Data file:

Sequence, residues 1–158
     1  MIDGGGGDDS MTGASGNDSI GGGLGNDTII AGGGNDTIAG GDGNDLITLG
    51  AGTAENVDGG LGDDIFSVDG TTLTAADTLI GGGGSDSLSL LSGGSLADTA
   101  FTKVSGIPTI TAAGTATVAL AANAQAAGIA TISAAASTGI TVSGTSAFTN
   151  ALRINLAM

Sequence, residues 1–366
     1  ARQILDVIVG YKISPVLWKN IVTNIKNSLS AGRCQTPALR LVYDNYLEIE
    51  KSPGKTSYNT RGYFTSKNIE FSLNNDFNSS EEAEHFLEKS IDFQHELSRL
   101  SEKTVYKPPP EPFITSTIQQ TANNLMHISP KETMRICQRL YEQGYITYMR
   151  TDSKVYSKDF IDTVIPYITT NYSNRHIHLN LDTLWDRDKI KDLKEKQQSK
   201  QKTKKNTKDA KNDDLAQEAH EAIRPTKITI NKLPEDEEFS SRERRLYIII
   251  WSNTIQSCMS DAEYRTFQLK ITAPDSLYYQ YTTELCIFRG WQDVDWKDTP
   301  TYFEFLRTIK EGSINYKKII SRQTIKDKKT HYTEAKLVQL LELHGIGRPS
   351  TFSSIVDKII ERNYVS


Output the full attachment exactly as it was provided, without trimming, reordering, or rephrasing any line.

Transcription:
Sequence, residues 1–158
     1  MIDGGGGDDS MTGASGNDSI GGGLGNDTII AGGGNDTIAG GDGNDLITLG
    51  AGTAENVDGG LGDDIFSVDG TTLTAADTLI GGGGSDSLSL LSGGSLADTA
   101  FTKVSGIPTI TAAGTATVAL AANAQAAGIA TISAAASTGI TVSGTSAFTN
   151  ALRINLAM

Sequence, residues 1–366
     1  ARQILDVIVG YKISPVLWKN IVTNIKNSLS AGRCQTPALR LVYDNYLEIE
    51  KSPGKTSYNT RGYFTSKNIE FSLNNDFNSS EEAEHFLEKS IDFQHELSRL
   101  SEKTVYKPPP EPFITSTIQQ TANNLMHISP KETMRICQRL YEQGYITYMR
   151  TDSKVYSKDF IDTVIPYITT NYSNRHIHLN LDTLWDRDKI KDLKEKQQSK
   201  QKTKKNTKDA KNDDLAQEAH EAIRPTKITI NKLPEDEEFS SRERRLYIII
   251  WSNTIQSCMS DAEYRTFQLK ITAPDSLYYQ YTTELCIFRG WQDVDWKDTP
   301  TYFEFLRTIK EGSINYKKII SRQTIKDKKT HYTEAKLVQL LELHGIGRPS
   351  TFSSIVDKII ERNYVS